I've been to three meetings of Chinatown Working Group 'teams' (euphemism for "committee," word that stifles all hope). Pleurisy, the devil's own invention, prevented me from attending a fourth team.
The cultural preservation team and the affordability team devoted their time to discussion, raising important issues and observing the challenges to resolving them. Wisely, no decisions were made. Instead, the teams took their first meeting as an opportunity to gain a sense of the group and a sense of direction.
The zoning team, by contrast, immediately drew up and voted on a list of desiderata without first gaining any sense of group direction. The result was a laundry list of items some of which seem to me to conflict, if not contradict one another.
I noticed that Chinatown residents participated fully at the cultural and especially at the affordability team, where the discussion seemed to me deepest. Chinatown residents participated least in the disappointing zoning team discussion. Perhaps there's a lesson to be learned there.
Full disclosure: I don't live in Chinatown (though I work there) and I did participate in the discussions.
The argument for bringing in outside meddlers seems to rest on the diversity and lack of consensus within Chinatown. Several members of the cultural team cited plans for a Chinatown arch that have gone nowhere although the City Council long ago designated funds for it, the moral being, you can't even get consensus in Chinatown on a free arch.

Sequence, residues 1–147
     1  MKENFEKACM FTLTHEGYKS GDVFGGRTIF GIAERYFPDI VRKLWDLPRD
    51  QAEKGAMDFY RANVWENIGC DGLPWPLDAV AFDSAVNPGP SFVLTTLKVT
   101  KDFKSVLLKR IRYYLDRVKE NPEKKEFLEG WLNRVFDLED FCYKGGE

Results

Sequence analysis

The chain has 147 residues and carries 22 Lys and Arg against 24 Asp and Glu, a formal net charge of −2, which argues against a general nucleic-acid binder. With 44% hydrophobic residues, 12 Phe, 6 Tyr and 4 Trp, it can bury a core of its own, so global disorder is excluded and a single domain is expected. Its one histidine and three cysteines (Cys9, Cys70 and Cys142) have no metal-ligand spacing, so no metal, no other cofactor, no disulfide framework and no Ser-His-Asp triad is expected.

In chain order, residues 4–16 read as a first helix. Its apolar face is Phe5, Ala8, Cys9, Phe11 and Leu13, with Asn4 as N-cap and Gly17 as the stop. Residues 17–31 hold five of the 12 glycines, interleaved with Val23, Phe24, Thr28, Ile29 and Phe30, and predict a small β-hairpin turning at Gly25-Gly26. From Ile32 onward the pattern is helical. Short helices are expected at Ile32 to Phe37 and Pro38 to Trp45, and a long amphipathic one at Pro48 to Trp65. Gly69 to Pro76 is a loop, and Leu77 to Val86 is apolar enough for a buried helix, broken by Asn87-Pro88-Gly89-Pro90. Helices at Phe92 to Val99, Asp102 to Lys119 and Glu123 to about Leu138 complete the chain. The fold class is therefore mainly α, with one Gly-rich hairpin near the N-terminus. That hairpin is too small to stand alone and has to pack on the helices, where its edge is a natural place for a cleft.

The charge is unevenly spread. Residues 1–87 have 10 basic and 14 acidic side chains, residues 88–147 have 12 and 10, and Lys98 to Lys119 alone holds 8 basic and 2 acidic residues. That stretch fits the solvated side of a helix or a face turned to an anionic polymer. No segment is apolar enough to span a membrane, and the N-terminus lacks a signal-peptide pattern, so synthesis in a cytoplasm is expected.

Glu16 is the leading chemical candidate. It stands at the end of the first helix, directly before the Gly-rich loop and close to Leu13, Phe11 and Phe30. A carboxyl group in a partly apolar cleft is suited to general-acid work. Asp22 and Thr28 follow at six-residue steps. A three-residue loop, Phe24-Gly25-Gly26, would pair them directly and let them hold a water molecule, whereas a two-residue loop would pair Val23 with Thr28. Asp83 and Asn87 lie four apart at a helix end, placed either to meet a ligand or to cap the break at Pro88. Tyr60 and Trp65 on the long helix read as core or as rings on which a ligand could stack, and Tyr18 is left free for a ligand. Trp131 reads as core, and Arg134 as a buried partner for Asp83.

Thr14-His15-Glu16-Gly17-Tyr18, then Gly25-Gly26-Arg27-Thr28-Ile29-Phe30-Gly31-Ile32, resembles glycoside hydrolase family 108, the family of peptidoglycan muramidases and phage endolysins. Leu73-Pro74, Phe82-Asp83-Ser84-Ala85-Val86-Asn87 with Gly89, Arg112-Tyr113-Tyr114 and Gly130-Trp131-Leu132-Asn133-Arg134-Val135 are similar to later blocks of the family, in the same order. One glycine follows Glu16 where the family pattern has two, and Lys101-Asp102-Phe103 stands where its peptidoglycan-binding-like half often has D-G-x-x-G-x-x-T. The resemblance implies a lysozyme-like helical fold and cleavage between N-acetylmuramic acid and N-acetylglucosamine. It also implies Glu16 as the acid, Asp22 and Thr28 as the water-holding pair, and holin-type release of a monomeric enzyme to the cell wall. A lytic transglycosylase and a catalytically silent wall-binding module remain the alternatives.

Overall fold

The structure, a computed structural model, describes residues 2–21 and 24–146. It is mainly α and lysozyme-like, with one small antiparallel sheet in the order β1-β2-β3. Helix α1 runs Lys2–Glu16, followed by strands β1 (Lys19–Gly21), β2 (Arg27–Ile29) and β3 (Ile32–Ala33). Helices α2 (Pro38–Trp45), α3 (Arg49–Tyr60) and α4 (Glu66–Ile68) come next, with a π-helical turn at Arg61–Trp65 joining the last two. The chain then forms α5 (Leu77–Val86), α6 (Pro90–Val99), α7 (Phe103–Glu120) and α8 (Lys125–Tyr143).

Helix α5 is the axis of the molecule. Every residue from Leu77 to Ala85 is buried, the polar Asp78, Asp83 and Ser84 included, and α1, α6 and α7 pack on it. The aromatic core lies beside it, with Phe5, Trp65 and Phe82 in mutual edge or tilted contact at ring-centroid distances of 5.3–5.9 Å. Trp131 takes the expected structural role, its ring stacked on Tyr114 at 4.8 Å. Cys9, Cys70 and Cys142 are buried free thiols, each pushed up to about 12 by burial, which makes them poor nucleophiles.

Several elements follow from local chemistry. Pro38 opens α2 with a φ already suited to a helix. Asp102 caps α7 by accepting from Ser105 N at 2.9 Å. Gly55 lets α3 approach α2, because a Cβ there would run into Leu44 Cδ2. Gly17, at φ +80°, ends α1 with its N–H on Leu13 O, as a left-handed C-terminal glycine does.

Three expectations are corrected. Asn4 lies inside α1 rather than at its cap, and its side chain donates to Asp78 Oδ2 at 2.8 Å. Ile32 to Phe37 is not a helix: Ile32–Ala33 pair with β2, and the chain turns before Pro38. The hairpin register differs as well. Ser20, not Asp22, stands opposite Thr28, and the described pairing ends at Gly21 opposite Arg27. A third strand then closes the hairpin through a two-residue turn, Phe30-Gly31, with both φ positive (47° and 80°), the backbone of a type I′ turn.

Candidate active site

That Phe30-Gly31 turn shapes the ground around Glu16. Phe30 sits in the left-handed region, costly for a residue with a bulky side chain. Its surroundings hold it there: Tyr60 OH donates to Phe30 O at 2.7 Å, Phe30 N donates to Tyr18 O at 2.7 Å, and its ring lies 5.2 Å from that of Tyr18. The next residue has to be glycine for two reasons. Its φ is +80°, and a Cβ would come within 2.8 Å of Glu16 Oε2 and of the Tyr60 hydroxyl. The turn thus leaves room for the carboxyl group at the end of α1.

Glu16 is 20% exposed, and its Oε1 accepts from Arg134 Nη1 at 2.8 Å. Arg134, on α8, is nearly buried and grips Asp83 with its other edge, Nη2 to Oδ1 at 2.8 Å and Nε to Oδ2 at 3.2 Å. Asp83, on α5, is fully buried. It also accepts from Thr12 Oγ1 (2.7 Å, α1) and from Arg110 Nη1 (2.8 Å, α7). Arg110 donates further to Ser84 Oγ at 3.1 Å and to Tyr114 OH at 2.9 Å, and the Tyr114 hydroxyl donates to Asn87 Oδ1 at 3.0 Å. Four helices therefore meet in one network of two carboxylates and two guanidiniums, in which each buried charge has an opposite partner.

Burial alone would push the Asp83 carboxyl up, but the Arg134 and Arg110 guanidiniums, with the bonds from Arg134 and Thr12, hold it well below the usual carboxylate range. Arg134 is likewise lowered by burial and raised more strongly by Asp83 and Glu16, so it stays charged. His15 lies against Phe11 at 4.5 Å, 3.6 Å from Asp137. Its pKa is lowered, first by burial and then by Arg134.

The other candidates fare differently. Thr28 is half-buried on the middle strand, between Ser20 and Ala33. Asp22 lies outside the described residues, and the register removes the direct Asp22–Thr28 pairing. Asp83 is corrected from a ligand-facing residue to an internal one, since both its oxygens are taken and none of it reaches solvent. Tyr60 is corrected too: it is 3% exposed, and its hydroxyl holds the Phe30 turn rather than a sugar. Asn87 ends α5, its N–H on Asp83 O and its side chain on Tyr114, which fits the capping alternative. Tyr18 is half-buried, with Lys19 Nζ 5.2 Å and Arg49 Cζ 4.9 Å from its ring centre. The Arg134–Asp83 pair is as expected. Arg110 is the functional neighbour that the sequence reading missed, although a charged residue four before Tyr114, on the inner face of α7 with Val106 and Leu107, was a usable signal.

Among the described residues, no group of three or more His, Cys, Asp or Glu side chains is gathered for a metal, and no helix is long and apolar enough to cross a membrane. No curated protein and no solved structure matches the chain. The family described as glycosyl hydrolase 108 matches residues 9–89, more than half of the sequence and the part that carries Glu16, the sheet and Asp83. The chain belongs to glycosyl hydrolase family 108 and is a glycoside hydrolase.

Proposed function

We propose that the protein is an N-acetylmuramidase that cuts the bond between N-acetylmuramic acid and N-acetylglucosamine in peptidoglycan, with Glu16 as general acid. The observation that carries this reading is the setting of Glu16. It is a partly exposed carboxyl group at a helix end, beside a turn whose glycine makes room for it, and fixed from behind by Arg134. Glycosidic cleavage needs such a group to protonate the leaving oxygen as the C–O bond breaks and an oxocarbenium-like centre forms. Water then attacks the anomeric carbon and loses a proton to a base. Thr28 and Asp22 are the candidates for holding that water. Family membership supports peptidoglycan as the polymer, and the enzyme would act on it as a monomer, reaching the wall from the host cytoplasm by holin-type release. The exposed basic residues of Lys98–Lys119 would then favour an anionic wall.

Hell, I don't know whether this whole enterpise will succeed, but I wouldn't be discouraged by an unbuilt arch! It may seem a paltry and easy task, but building an arch is actually just the kind of project that courts controversy: it's public, symbolic, supplies no need directly yet can favor one area over another and alters the experience of the common space for everyone in a seemingly gratuitous, authoritarian, paternalistic way. Of course it hasn't been built!
Not all projects court controversy. Creating and supporting a space for a cultural center, for example, supplies a need directly and daily, doesn't have to be seen by any but those who use and love it and doesn't force anyone to accept its symbolism, if it has any symbolism; it provides without taking. Where's the controversy?
Ah, Chinatown leaders sound like East Village activists: "it can't be done here, we're too factious." Well, if pessimistic complaints must precede accomplishment, so be it. I have confidence in this process...if only we outsiders can listen more and talk less.
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